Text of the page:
The Myth of the Strong Leader: Political Leadership in the Modern Age.pdf
Archie Brown is Emeritus Professor of Politics at Oxford University. For almost five decades he has written on Soviet and Communist politics, the Cold War, and political leadership. He previous books include The Gorbachev Factor (1996), Seven Years that Changed the World: Perestroika in Perspective (2007) and The Rise and Fall of Communism (Bodley Head, 2009).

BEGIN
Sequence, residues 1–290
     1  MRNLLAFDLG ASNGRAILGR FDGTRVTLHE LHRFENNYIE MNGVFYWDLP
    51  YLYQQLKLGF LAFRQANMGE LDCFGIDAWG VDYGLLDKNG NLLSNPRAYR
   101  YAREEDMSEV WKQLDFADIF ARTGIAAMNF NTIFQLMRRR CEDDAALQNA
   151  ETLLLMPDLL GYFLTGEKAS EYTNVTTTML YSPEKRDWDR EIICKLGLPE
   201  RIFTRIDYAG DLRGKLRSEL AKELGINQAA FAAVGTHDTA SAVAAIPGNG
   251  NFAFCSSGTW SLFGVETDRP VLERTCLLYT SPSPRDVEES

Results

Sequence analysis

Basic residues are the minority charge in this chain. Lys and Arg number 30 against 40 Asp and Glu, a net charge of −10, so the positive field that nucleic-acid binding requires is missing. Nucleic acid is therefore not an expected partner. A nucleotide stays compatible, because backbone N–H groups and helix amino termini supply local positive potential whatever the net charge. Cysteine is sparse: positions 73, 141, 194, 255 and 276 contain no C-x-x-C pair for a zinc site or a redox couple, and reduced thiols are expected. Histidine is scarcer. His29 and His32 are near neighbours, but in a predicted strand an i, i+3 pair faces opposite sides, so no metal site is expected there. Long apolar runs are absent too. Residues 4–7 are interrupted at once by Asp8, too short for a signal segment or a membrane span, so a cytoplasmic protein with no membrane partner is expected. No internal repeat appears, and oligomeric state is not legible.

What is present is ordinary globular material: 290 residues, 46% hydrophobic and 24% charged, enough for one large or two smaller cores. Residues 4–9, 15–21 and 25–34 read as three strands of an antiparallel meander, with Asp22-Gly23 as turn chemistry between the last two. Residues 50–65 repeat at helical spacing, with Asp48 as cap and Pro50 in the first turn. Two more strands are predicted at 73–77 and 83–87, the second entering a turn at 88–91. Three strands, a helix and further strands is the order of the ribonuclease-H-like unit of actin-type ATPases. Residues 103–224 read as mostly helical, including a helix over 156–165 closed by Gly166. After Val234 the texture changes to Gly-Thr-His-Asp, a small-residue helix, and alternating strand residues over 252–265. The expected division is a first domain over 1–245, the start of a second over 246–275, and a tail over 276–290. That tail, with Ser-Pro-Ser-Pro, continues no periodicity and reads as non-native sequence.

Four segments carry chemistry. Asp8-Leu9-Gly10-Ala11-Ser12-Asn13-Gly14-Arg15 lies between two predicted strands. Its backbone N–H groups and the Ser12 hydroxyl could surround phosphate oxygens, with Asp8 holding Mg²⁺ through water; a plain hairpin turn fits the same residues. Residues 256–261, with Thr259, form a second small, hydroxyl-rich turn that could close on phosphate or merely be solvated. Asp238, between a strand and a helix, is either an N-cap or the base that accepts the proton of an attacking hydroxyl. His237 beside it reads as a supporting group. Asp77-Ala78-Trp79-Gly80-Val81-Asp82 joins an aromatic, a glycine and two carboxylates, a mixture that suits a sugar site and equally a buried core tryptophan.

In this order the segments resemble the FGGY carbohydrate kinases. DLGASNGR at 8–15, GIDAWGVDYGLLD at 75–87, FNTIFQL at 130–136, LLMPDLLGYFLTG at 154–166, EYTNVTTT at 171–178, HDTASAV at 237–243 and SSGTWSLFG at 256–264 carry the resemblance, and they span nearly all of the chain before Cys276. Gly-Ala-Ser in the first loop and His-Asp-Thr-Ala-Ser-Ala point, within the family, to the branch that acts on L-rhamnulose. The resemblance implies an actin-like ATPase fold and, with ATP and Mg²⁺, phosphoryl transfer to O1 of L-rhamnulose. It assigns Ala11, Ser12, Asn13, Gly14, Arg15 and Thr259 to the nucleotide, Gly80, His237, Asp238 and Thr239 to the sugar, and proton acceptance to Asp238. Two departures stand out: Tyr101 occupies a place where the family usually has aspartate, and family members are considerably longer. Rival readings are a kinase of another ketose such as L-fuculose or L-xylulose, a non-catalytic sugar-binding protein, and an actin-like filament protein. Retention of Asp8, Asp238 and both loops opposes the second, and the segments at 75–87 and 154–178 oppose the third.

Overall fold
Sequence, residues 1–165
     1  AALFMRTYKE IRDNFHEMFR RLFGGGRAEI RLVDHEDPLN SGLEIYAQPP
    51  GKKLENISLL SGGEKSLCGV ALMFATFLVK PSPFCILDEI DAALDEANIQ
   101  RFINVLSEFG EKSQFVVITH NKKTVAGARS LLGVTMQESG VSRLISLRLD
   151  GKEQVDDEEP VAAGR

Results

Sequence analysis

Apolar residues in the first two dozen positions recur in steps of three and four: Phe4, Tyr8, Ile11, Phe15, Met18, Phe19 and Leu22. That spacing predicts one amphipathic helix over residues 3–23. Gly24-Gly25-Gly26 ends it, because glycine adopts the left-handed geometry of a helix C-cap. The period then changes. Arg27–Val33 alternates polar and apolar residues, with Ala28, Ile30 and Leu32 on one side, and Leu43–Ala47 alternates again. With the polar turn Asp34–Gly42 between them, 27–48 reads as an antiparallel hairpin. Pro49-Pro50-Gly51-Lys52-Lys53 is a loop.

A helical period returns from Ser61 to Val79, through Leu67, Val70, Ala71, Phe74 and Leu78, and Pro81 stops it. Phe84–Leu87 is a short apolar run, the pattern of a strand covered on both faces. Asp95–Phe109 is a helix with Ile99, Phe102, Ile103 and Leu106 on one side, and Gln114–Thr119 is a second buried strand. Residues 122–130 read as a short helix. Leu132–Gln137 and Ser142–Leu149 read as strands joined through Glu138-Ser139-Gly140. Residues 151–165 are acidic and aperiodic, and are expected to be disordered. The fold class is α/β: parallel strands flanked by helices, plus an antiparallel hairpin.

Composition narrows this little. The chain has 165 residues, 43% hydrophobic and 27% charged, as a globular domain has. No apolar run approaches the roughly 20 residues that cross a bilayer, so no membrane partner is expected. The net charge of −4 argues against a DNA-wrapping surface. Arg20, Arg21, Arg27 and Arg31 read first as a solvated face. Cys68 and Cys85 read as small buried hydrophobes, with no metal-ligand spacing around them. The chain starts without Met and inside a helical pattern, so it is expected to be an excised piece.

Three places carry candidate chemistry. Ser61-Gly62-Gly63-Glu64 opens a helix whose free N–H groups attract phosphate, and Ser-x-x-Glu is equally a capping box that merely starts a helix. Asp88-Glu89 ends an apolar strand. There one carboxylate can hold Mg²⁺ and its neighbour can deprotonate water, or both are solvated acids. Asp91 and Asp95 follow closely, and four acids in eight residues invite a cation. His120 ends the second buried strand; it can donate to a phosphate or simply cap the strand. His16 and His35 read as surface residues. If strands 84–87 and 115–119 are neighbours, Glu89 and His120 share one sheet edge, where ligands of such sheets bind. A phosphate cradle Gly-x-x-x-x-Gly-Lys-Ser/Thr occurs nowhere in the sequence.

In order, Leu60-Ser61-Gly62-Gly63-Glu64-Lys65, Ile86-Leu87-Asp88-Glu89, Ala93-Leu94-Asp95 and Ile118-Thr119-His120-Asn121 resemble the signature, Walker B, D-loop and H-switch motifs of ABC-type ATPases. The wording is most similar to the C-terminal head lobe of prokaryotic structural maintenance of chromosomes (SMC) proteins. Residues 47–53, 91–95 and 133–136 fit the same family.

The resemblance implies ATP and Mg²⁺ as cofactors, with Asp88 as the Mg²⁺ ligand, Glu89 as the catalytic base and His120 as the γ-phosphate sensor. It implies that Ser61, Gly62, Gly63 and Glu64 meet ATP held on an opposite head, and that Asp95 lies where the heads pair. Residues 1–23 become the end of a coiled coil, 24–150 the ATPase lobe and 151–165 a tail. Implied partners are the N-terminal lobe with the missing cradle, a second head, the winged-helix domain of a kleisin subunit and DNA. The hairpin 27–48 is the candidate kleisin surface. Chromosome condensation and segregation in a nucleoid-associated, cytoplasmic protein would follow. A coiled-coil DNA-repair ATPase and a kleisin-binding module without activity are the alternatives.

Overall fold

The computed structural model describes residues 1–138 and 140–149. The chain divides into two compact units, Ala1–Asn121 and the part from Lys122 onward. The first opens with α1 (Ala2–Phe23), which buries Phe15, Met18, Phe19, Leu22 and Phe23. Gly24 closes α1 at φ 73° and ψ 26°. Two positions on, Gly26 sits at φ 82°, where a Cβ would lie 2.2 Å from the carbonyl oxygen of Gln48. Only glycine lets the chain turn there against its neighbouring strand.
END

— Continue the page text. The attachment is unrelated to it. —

In this magisterial and wide-ranging survey of political leadership over the past hundred years, Archie Brown challenges the widespread belief that strong leaders - those who dominate their colleagues and the policy-making process - are the most successful and admirable. Within democracies a collegial style of leadership is too often characterized as weakness and its advantages overlooked. Even in authoritarian regimes, a more collective leadership is a lesser evil compared with personal dictatorship where cultivation of the myth of the strong leader is often a prelude to oppression and carnage. 'Strong leaders' in democratic countries can do less harm, but here too the idea that one leader knows best and is entitled to take the big decisions is dangerous, even though overweening leaders in democracies are seldom as strong or independent as they purport to be. In reality, only a minority of political leaders make a big difference, by challenging assumptions about the politically possible or setting in motion systemic change. Yet in a democracy that is rare. It is especially when enlightened leaders acquire power in an authoritarian system that the opportunity for radical transformation occurs. Franklin D. Roosevelt and Lyndon B. Johnson, Willy Brandt and Mikhail Gorbachev, Deng Xiaoping and Nelson Mandela, Margaret Thatcher and Tony Blair are among the leaders whom Brown examines in this original and illuminating study.